I no longer make New Year’s resolutions — which only 8% of people keep anyway — but this time around I’m making an exception. And I’m serious. No matter how desperate I am for something new to watch, I will not stream the movie Songbird. Haven’t heard of it? Here’s the premise: It’s the 213th week of pandemic lockdown from Covid-23. I know, right? It’s beginning to feel like that already. But wait, there’s more. A hundred and ten million people are dead, officials can test you remotely, and if you resist going to one of the squalid quarantine camps, they shoot you on sight. Being an optimist, I watched the trailer and said to Rich, “See? We don’t have it so bad!”
Rotten Tomatoes gave Songbird a single star and called it “an appalling melange of insipid disaster drama and implausible romance with a bit of dystopian satire thrown in. This is a crass cash-in meant to prey on our pandemic anxieties, not grapple with them.” Yikes!
So I’ve already found one thing to make me happier in 2021: avoiding Songbird. Whew! I feel I’m making progress already and we’re only a week into the year.
I’m also determined to avoid impulse-buying unnecessary stuff — a pastime that gave 2020 yet another nickname: The Year of Buyer’s Remorse. Apparently panic-stockpiling toilet paper was merely the warm up; many people are now stuck with clothes they can’t wear, electronics they don’t need, even houses they can’t stand.
Paula Gillespie, for instance, was aghast when her husband surprised her with a camper. “The thing is too big for his truck and dangerous, and I absolutely refuse to go anywhere with it due to the dangers of it,” she said. The camper now sits idle near the fishing boat her husband bought, despite the fact they live nowhere near a boat-worthy body of water.
Maureen Rashidifard’s pandemic splurges include a resistance-training apparatus, a sewing machine, a TV with a DVD player, roller skates, and a program designed to teach her kids every language on the planet. So far, nobody in the family has buffed up or learned Mandarin. As for the skates, “I fell so hard that my hat flew off my head,” she said. “I had to walk home in my socks carrying my skates, and I haven’t touched them since.”
One of the hottest commodities? Puppies, especially the easy-care, ultra-adorable breeds that make you want to spend the rest of the pandemic snuggling on the couch with your new best friend. Sales of goldendoodles — a mix of good-natured golden retriever and low-shedding poodle — are reportedly up 700%, despite the fact that top breeders charge $4000 a pup. City folks reluctant to hit the streets on a schedule suitable for a puppy’s bladder have generated a 200% rise in the demand for doggie diapers.
Rich and I have resisted impulse-buying any pets, as we know it’s impractical given our plans to return to Spain when all the stars finally align. But I have to admit feeling puppy envy when I talk to my sister Kate, who recently adopted a miniature Australian shepherd. It’s her second of the breed, and while the first was a mild-mannered Clark Kent-type, this one’s a superdog called Bear who’s bursting with energy and creative ideas for enlivening lockdown.
Speaking of food, another thing I’ll be avoiding is restaurant dining. Luckily I love to cook, especially on Sundays. In Spain, that's when families gather for late, long, leisurely lunches, and early in the pandemic, Rich and I decided to maintain this satisfying European tradition. We devote Sundays to rest and relaxation (no writing posts, jumping on the stair stepper, or even taking long hikes) so we have plenty of time to experiment with new dishes. I find I do my best work to Dean Martin singing “That’s Amore,” “Volare,” and “Ain’t That a Kick in the Head” (which I’ve nominated for the pandemic’s theme song).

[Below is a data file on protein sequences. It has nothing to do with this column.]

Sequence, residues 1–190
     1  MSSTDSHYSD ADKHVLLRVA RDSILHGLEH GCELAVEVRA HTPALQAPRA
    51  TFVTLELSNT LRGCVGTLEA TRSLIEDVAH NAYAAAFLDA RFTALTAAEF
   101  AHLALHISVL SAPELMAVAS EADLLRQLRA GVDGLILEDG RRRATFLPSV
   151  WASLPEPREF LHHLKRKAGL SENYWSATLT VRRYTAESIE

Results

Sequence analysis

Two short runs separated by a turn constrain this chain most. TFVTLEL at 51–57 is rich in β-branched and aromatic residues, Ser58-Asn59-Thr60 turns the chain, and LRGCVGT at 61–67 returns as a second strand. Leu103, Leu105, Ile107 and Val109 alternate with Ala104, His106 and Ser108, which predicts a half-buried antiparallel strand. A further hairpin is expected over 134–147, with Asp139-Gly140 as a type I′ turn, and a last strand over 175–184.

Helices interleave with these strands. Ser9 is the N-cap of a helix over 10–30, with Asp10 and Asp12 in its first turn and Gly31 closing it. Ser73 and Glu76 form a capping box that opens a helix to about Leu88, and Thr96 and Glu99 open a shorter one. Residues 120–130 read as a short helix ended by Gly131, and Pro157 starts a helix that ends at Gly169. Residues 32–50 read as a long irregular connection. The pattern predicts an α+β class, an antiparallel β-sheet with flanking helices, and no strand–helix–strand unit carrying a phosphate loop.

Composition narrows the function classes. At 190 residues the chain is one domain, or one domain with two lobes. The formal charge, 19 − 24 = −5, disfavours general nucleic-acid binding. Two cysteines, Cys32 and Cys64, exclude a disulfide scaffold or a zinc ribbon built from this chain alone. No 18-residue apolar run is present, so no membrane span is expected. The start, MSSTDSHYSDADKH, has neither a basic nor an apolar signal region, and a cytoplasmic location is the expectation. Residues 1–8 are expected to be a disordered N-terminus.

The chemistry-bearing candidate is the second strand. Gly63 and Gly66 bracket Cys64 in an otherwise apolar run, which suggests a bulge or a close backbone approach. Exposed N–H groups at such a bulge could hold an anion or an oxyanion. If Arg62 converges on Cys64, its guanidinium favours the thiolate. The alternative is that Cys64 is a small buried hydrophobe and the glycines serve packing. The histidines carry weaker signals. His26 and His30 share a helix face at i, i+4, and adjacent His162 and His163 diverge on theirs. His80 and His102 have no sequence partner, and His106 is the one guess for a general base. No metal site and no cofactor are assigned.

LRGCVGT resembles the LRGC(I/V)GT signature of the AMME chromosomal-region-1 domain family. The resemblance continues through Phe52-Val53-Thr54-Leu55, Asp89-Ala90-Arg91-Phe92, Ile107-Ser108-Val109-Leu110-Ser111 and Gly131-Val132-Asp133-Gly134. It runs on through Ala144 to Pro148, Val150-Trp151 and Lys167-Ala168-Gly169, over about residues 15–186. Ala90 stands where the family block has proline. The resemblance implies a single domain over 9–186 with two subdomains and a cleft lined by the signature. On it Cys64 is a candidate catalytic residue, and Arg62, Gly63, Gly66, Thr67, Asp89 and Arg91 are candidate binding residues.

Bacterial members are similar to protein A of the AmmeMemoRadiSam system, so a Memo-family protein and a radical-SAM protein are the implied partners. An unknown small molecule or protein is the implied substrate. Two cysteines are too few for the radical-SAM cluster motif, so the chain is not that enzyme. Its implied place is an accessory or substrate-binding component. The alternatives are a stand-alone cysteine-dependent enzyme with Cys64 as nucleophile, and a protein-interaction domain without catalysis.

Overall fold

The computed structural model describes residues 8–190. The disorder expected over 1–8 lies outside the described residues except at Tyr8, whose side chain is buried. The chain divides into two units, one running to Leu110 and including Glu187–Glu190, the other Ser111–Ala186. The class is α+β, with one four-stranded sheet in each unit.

Thanks to Dean, I was inspired to kick off 2021 with an Italian dish: Potato and White Bean Puttanesca Soup.
This easy, heartwarming dish [see recipe here] is enlivened by a topping of capers, Kalamata olives, and fresh parsley. The recipe, now enshrined in our permanent collection, is the first — and apparently last — to be clipped from an actual copy of the NY Times. A month ago we subscribed to the Sunday edition, seeking a pastime that had the novelty of not including a screen. Week after week we received a flurry of apologies instead of the paper. Only once did a copy materialize at the end of our driveway; I can only assume there was a substitute delivery person who didn’t get the memo about the circulation department's mysterious vendetta against us. We're now resigned to the fact that subscribing to the Times is yet another activity we are destined to forego this year.
Fortunately, we found an alternative pastime in the latest craze: jigsaw puzzles. Sales are booming during lockdown. “The surge in demand,” CNBC reported, “is comparable to demand during the Great Depression, according to one puzzle historian.” So puzzle historians are a thing now? Who knew?
Most of the time, I find puzzles soothing and absorbing. Only rarely do I fling up my hands, exclaiming, “This one’s incomplete! Defective! There is no corner piece with a dog’s — oh wait, here it is.” Afterwards, disassembly requires the kind of spiritual strength Buddhist monks display in destroying their sand mandalas immediately upon completion.
“You know the cabin puzzle we just completed?” Rich remarked at breakfast this morning. “I just saw it on Etsy, assembled and framed, for $400.”
“Seriously? People buy one and — what? Pretend they did it themselves?” Hmmm, I thought. This could be a great little cottage industry for us.
But then I recalled the article “How to be Happier in 2021: Toss Out Your Usual List of New Year’s Resolutions, Says Study.” Scientists pointed out that most resolutions are essentially selfish (get skinnier, richer, more productive); their research showed happiness most often arrives as a byproduct of helping others.
Evidently Rich was thinking along the same lines. “I know!” he said. “When we finish, we’ll disassemble the puzzles and send them to friends as a surprise gift. Everyone’s looking for cheerful pastimes these days.” Genius!
So in addition to not watching Songbird, buying skates, adopting a puppy, or reading the NY Times in hard copy, we’re won’t be hoarding puzzles. Instead, we’ll set them free to entertain other families who need a break from screen time, politics, and pandemic headlines. The payoff will be a feel-good moment each time we drop one off at the post office. We’ll know that what we’re sending forth is not just a puzzle, but a message of comfort and fellowship in dark times. Now that’s a New Year’s resolution I can get behind.